Boko Haram violence keeps 1 million kids out of school

People in Gambaru, Nigeria, stand outside burnt houses following an attack by Boko Haram in May 2014. (AP Photo/Jossy Ola, File)

Violence wrought by Boko Haram in northern Nigeria has closed more than 2,000 schools and kept 1 million children out of class for more than a year, according to UNICEF. The deadliest terror group in the world has attacked schools, places of religious worship and marketplaces, and has forced people from their homes, dramatically disrupting children’s lives in the region.

“It’s a staggering number,” Manuel Fontaine, UNICEF’s west and central Africa regional director, said in a statement. “The conflict has been a huge blow for education in the region, and violence has kept many children out of the classroom for more than a year, putting them at risk of dropping out of school altogether.”

The problem extends beyond Nigeria. UNICEF officials said that some of the 2,000 closed schools are in Cameroon, Chad and Niger. Boko Haram has carried out attacks along the northern borders of Nigeria and people fleeing violence are entering those countries to find safety. Some 135 schools in Cameroon closed in 2014 because of the violence – only one has reopened so far.

Groups like UNICEF are trying to help get kids back into the classroom. It says more than 170,000 children went back to school in northeastern Nigeria with support from partner organizations. But that is only a fraction of the total and the schools face lack of resources and are overcrowded. The agency worries of the long-lasting negative effects of so many children staying out of school.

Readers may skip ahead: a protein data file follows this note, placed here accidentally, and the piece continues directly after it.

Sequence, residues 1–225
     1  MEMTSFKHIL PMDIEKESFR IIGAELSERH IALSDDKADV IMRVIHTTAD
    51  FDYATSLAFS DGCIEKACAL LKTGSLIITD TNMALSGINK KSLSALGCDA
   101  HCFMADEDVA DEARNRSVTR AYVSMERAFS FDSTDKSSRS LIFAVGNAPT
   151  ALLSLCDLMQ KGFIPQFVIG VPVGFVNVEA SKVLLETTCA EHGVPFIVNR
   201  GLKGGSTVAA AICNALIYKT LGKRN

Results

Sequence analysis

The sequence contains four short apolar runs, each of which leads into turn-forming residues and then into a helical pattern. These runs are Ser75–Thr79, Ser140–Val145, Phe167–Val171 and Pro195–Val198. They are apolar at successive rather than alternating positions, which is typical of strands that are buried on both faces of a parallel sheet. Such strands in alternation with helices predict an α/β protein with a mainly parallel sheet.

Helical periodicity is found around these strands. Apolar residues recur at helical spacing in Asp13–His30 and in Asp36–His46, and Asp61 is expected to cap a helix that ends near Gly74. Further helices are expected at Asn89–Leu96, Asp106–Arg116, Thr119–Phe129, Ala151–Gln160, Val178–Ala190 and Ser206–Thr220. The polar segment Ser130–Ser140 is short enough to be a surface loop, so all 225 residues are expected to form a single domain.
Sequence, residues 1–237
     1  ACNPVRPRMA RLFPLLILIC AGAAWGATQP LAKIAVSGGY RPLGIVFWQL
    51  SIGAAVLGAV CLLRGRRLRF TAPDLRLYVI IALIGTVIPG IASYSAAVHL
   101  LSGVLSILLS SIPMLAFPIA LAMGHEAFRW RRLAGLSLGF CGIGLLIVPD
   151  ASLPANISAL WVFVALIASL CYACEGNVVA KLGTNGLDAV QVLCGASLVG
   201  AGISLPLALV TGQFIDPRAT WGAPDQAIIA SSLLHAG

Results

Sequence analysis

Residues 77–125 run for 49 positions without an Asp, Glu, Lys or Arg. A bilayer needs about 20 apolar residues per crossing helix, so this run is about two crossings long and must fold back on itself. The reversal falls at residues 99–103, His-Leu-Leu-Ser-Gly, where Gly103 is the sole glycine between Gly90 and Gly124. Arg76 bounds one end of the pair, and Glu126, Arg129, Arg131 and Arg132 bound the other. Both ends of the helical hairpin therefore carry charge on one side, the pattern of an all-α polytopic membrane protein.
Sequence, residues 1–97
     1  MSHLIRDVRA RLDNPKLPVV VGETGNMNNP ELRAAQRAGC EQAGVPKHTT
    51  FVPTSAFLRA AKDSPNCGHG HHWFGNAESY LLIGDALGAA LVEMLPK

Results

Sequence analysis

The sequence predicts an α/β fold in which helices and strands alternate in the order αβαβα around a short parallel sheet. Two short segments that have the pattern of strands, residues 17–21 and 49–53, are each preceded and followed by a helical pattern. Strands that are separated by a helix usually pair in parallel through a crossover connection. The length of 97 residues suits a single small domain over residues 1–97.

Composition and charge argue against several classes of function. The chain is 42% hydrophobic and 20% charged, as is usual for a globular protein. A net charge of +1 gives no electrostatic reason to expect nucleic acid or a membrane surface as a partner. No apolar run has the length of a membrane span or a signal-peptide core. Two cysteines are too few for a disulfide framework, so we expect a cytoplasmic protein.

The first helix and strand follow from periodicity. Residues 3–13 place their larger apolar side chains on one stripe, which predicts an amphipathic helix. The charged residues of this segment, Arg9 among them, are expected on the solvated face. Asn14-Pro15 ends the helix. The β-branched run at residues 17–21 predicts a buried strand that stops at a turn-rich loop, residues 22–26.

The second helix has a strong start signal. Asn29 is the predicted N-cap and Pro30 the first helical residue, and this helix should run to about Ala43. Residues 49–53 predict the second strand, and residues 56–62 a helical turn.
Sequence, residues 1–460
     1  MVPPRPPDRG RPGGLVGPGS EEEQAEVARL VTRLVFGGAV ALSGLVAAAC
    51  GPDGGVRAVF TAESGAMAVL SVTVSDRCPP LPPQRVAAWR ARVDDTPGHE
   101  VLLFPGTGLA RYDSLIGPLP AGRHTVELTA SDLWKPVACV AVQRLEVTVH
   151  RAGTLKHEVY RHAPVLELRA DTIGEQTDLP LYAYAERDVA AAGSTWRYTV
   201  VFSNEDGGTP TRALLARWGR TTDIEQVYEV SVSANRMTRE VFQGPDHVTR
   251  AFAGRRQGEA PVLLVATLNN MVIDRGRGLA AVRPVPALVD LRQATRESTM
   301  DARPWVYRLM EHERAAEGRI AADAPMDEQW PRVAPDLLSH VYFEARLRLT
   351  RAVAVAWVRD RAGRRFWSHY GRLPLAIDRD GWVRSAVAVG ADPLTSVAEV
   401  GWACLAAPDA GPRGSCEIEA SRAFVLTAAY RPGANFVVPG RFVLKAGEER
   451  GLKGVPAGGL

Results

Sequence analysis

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“The challenge we face is to keep children safe without interrupting their schooling,” Fontaine said. “Schools have been targets of attack, so children are scared to go back to the classroom; yet the longer they stay out of school, the greater the risks of being abused, abducted and recruited by armed groups.”

The name Boko Haram is a Hausa phrase. Translated it roughly means “Western education is forbidden” or against “Western fraud.” It started in 2003 as a sort of separatist movement that clashed with Nigerian authorities. Its surge in 2009 was followed by a crackdown and eventual re-emergence. That return was marked with more brutality. The 6,664 deaths attributed to Boko Haram in 2014 made it the deadliest group in the world – worse that the Islamic State.

It was the kidnapping of more than 250 school girls in the town of Chibok that brought the group international attention. Then-President Goodluck Jonathan increased the country’s military response, one that was characterized by human rights abuses against civilians and members of Boko Haram. He was defeated in an election this year by Muhammadu Buhari, due in part to Jonathan’s inability to control the insurgency. In his inauguration speech in May, he called Boko Haram the “most immediate problem” facing the country.

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“My appeal for unity is predicated on the seriousness of the legacy we are getting into. With depleted foreign reserves, falling oil prices, leakages and debts, the Nigerian economy is in deep trouble and will require careful management to bring it round and to tackle the immediate challenges confronting us, namely; Boko Haram, the Niger Delta situation, the power shortages and unemployment especially among young people,” said Buhari.

The effort is struggling to put an end to Boko Haram attacks. A trio of child suicide bombers were stopped at a security screening late Sunday. One detonated his bomb, killing himself, the other two bombers, and six more people. Boko Haram has quickly turned to deploying children for its suicide missions, an overall tactic it favors to maximize casualties.

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Tom Murphy

Tom Murphy is a New Hampshire-based reporter for Humanosphere. Before joining Humanosphere, Tom founded and edited the aid blog A View From the Cave. His work has appeared in Foreign Policy, the Huffington Post, the Guardian, GlobalPost and Christian Science Monitor. He tweets at @viewfromthecave. Contact him at tmurphy[at]humanosphere.org.